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Poem by Robert Burns


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Now westlin winds and slaughtering guns
  Bring autumns pleasant weather;
The moorcock springs, on whirring wings,
  Amang the blooming heather:
Now waving grain, wide oer the plain,
  Delights the weary farmer;
And the moon shines bright, when I rove at night
  To muse upon my charmer.

The partridge loves the fruitful fells;
  The plover loves the mountains;
The woodcock haunts the lonely dells;
  The soaring hern the fountains:
Thro lofty groves the cushat roves,
  The path of man to shun it;
The hazel bush oerhangs the thrush,
  The spreading thorn the linnet.

Thus evry kind their pleasure find,
  The savage and the tender;
Some social join, and leagues combine;
  Some solitary wander;
Avaunt, away! the cruel sway,
  Tyrannic mans dominion;
The sportsmans joy, the murdering cry,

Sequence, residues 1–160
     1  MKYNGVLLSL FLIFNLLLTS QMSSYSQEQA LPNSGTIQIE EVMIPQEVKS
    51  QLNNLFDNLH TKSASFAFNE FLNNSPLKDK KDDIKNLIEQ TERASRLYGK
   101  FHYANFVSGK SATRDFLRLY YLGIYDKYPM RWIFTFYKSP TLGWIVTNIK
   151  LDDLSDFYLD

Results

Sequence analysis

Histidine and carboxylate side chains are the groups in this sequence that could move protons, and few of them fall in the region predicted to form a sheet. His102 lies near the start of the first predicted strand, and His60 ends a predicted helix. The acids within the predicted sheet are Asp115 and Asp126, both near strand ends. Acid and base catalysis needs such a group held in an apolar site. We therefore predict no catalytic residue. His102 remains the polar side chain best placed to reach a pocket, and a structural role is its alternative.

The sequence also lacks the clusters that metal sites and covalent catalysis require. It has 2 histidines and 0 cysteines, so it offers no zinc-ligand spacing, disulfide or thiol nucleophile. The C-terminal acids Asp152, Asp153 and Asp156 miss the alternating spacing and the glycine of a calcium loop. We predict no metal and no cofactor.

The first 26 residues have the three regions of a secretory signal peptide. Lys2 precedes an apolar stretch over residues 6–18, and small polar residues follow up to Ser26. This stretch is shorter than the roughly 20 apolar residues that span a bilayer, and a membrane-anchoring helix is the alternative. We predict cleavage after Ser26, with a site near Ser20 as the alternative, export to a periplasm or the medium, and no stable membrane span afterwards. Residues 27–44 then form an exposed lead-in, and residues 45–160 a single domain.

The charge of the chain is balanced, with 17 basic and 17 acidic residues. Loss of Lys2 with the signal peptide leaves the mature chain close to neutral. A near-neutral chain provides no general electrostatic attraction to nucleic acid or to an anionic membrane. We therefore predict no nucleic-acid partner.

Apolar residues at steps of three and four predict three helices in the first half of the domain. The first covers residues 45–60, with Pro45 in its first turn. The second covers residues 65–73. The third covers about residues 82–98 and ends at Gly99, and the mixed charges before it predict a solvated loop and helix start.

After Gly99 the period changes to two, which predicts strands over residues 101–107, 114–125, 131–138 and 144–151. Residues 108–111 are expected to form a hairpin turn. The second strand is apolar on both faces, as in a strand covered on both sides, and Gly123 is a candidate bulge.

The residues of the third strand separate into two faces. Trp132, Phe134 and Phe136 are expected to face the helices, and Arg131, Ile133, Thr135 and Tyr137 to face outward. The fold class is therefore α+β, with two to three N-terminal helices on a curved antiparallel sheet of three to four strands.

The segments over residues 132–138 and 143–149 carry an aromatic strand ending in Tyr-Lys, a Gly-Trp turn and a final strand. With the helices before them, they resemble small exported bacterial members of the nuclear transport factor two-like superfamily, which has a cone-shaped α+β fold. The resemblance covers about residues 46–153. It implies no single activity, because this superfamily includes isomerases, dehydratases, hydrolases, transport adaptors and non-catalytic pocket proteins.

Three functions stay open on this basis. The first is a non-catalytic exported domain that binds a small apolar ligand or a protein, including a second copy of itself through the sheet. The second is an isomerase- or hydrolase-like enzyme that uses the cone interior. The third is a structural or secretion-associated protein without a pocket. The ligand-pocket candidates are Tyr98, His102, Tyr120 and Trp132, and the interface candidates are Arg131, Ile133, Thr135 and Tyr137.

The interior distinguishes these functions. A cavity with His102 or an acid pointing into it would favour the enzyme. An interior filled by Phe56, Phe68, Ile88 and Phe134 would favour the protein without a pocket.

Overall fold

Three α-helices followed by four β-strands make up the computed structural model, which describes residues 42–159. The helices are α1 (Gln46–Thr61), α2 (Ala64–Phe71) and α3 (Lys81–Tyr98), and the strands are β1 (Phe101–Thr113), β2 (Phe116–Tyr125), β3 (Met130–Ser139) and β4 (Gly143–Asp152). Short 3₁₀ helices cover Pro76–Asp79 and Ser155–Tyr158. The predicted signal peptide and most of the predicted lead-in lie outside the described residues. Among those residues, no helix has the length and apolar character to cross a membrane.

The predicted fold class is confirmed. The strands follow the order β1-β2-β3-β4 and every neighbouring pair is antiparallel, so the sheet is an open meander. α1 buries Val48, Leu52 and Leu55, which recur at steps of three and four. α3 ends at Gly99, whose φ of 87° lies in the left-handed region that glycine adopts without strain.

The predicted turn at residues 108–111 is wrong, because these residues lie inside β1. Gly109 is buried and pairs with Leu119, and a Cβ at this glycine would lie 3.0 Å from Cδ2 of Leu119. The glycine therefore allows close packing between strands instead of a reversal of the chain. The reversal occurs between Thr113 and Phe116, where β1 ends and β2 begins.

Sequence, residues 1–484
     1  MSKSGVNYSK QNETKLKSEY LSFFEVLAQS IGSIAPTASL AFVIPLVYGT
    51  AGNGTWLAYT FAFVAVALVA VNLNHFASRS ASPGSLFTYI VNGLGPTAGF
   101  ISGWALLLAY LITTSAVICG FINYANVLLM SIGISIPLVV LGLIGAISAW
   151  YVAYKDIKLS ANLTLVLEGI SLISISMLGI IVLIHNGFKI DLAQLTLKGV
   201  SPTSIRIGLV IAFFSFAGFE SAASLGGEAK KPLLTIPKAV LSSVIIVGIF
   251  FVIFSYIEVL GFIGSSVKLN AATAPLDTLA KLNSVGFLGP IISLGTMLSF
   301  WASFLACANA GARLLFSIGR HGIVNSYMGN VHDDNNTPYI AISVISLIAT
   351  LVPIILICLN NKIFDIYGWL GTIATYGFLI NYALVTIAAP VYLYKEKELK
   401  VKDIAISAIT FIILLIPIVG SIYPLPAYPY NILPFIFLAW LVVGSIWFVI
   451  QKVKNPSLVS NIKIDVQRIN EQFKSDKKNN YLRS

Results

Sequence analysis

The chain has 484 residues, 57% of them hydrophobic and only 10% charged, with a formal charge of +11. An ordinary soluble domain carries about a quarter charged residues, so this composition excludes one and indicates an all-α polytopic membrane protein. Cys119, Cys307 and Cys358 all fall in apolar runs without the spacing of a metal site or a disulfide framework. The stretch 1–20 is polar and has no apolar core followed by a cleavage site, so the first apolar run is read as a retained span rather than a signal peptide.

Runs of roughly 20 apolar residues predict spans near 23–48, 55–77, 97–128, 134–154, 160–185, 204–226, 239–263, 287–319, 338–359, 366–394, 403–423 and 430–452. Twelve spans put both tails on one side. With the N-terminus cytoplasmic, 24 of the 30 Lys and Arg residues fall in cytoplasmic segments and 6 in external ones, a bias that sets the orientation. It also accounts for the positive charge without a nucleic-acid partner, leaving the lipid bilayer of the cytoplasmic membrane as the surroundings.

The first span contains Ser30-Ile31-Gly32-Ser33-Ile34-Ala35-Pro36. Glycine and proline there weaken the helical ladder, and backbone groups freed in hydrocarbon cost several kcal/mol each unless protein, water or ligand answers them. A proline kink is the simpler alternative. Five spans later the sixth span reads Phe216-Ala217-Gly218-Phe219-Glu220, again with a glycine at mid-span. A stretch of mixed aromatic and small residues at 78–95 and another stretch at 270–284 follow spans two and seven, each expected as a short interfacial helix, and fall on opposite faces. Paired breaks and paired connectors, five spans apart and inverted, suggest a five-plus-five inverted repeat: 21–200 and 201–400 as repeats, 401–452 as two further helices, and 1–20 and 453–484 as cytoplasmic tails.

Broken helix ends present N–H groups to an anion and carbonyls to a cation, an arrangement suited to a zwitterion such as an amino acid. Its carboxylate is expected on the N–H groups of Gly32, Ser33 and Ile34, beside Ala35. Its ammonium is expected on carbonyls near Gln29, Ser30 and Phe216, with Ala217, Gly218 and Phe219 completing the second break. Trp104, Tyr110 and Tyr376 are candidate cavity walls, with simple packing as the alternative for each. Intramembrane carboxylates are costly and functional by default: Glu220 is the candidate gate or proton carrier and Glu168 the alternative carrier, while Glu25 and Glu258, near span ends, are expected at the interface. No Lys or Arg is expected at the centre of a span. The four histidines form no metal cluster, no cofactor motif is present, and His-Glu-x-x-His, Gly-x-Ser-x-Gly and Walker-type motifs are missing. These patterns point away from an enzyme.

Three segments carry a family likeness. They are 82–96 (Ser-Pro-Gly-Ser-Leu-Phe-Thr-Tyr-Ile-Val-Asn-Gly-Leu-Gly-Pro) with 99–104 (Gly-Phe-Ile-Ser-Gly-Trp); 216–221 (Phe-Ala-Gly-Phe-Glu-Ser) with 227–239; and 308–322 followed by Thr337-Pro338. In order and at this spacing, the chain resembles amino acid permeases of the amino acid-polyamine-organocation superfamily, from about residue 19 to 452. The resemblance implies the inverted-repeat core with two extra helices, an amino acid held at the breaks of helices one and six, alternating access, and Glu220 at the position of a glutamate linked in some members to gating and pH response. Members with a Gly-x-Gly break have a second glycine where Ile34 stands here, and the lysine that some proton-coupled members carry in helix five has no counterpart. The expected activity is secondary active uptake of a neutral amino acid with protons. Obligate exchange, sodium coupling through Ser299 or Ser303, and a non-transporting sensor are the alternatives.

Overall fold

The fluttering, gory pinion!

But, Peggy dear, the evning s clear,
  Thick flies the skimming swallow;
The sky is blue, the fields in view,
  All fading-green and yellow:
Come let us stray our gladsome way,
  And view the charms of nature;
The rustling corn, the fruited thorn,
  And every happy creature.

Well gently walk, and sweetly talk,
  Till the silent moon shine clearly;
Ill grasp thy waist, and, fondly prest,
  Swear how I love thee dearly:
Not vernal showrs to budding flowrs,
  Not autumn to the farmer,
So dear can be as thou to me,
  My fair, my lovely charmer!



                      Robert Burns


Robert Burns's other poems:
  1. Scroggam
  2. Lines Written on a Bank-note
  3. Lines Written at Loudon Manse
  4. To Alex Cunningham, Writer
  5. How Lang And Dreary


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